Tuesday, 22 January 2013

Another doctor murdered: female neurologist killed making house call in Baotou

The killing of an emergency doctor during a house call in Inner Mongolia on Saturday has again raised concerns about medics' safety.
Baogang Hospital in Baotou, the Inner Mongolia autonomous region, said on its official website that Zhu Yufei, 34, a woman doctor in its neurology department, was killed while on a home visit on Saturday.
According to the hospital, at 1:42 am it received a call from the city's emergency medical center reporting that a woman was experiencing convulsions and needed immediate help. When Zhu, the doctor in charge, and three medics arrived at the scene, a man, suspected to be Li Xinglong, attacked them with a cooking knife, locked the three medics outside, and allegedly killed Zhu in the house.
Huang Qiang, head of the police station in Kunlun district, Baotou, where the killing took place, told Xinhua News Agency that Li's 17-year-old son called emergency services that day, after witnessing his father beat his mother with a rolling pin, breaking her arm.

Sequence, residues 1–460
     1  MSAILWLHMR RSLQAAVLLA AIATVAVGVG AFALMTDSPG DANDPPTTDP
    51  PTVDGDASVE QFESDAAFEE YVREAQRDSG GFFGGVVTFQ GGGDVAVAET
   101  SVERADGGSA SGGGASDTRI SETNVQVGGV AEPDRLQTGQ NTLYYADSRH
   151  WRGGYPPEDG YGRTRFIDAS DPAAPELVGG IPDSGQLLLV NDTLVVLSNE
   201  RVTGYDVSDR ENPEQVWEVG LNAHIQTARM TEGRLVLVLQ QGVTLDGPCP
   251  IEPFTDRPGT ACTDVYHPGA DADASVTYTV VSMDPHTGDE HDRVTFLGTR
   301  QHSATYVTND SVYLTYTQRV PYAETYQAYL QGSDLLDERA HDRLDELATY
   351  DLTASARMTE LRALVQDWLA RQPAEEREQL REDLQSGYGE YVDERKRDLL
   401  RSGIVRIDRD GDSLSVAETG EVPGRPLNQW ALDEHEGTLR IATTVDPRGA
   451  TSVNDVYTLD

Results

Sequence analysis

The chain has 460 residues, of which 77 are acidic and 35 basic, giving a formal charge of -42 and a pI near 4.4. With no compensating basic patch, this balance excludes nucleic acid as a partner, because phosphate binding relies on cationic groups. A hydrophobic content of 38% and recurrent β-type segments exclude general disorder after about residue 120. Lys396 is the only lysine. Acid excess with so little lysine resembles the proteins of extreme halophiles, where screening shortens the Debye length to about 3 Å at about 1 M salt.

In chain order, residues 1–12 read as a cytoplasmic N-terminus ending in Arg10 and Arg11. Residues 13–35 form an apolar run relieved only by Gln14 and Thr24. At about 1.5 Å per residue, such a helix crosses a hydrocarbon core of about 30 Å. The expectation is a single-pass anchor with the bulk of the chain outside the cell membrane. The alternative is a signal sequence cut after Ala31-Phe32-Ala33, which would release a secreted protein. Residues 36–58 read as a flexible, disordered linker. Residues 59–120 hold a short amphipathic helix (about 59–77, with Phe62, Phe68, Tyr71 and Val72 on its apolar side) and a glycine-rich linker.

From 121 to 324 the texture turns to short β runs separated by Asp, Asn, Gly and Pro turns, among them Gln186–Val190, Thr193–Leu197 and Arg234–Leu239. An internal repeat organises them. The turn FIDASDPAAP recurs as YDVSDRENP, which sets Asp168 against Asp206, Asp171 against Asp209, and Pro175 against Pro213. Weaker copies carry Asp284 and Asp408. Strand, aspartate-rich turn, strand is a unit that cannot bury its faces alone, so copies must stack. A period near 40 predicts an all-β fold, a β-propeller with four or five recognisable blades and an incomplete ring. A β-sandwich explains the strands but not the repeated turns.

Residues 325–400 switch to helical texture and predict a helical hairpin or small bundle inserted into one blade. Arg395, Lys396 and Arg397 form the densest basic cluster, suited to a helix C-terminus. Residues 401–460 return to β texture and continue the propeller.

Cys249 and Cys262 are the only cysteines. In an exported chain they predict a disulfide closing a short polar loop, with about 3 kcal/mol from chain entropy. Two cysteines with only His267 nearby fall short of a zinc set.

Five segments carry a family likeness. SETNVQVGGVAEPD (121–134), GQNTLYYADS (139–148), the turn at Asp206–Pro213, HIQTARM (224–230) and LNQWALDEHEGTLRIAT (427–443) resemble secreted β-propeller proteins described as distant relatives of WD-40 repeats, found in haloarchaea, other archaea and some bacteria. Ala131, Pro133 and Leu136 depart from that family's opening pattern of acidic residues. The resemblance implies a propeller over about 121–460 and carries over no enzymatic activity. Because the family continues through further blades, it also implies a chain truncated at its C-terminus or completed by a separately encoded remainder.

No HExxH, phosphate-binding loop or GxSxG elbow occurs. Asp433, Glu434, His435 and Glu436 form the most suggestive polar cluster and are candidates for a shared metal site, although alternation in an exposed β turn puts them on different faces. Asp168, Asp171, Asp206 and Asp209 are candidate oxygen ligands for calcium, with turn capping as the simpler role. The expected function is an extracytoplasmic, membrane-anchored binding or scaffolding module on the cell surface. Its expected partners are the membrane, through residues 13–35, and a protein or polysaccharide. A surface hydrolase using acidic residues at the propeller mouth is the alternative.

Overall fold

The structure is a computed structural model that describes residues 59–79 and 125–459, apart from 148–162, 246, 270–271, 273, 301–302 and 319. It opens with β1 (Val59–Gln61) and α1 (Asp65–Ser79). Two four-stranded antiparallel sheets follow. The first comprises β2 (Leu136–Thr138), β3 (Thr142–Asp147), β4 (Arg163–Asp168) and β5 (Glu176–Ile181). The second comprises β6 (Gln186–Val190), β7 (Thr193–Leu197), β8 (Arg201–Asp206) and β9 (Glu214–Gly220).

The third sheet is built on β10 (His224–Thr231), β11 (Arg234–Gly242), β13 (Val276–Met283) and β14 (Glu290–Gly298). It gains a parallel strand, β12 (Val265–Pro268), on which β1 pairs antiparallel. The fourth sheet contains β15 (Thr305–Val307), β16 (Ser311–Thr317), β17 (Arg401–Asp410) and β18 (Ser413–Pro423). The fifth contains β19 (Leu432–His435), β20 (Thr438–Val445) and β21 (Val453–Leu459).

According to Huang, the son left with his mother before the medics arrived, fearing Li may beat her again.
When the medics arrived, Li let them in, telling them his wife was on the balcony before attacking them. The three medics escaped, but Li grabbed Zhu, locked the door and allegedly killed her. Zhu was dead when the police entered the house.
Baotou police confirmed on their micro blog account on Saturday, that they received a report a homicide had occurred at 1:58 am, and captured the suspect at the scene.
It's not known if Li's son also called police or if the medics knew that Li had earlier hurt his wife. A staff worker at the hospital said when the initial call came in nobody was expecting danger.
The motive for the killing is unknown.
Zhang Lei, an emergency medical worker since 1992, said the case is "extremely rare".
"When receiving a call, we ask the caller the cause of the patient's condition," said Zhang, who works in the Beijing Emergency Medical Center. "Sometimes we also call the police to go to the scene with us."
"We would suggest the police come along if the situation involved violence, such as when a beating occurs. However, sometimes it's hard to decide if we should ask police to cooperate because some callers tend to exaggerate the situation and waste police resources," said Zhang.
Zhang said he worked with the police when a mentally ill patient became violent, or when the medics needed police to rescue a patient locked inside the room.
Zhang said the incident could not have been anticipated.
"I have received training on how to protect myself from patients who are not conscious of their behavior, such as drunk people or people with mental illnesses, but not this," he said.
The Chinese Medical Doctor Association said in a statement on Sunday that it strongly condemns the killing, and it is paying close attention to the case.
Source: china.org

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